As with computer science and other areas of study, taking courses online gives you a flexible option to develop the skills you need while continuing to work, study, or raise a family. Online versions of courses are also often significantly less expensive than on-campus counterparts, even in cases where the course material is identical.

Coursera offers a wide range of courses in math and logic, all of which are delivered by instructors at top-quality institutions such as Stanford University and Imperial College London. You can find courses that fit your specific career goals, whether that's broad skills in logic, problem solving, or mathematical thinking, or more specialized areas like mathematics for machine learning or actuarial science.

Coursera also offers short Guided Projects to help you practice and hone your math skills.

The kind of people best suited for roles in math and logic tend to be critical thinkers who like to spend time analyzing subjects and situations. They tend to be problem solvers. Individuals who spend time exploring different types of math to find the areas that interest them also may work well in these roles. You may find that they pay close attention to detail and come up with creative solutions to the problems in front of them.

Common career paths for someone with a background in math and logic can lead to positions as actuaries, corporate executives, auditors, and department supervisors. For example, someone working in the computer programming field may start as a junior developer writing scripts before advancing to a senior developer writing applications. This can lead to a role as a lead developer or system architect and eventually a position as a manager or corporate executive. Similarly, a data analyst may start working as a freelance programmer to build a portfolio and eventually transition to a role as a project manager or department supervisor.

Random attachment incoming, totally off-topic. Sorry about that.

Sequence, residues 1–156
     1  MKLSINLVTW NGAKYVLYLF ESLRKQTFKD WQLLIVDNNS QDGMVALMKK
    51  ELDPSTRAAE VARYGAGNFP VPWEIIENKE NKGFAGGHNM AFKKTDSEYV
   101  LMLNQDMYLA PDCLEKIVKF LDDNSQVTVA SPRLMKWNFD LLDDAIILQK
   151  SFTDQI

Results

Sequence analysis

Topics you can study that are related to math and logic include statistics, probability, and algorithms. You also may want to study some of the common programming languages, such as Python, R, and SQL. Other areas to consider are data visualization, informatics, computer science, and data modeling. More topics related to math and logic are game theory and cryptography as well as rhetoric, philosophy, and graphic design.

The types of places that hire people with backgrounds in math and logic include accounting firms, commercial and investment banks, insurance companies, and brokerage firms. Private and public schools, universities, and government agencies may also hire people with experience in math and logic. These places typically hire computer programmers, investment managers, teachers, and analysts who feel comfortable working with numbers and have strong problem-solving skills.

This FAQ content has been made available for informational purposes only. Learners are advised to conduct additional research to ensure that courses and other credentials pursued meet their personal, professional, and financial goals.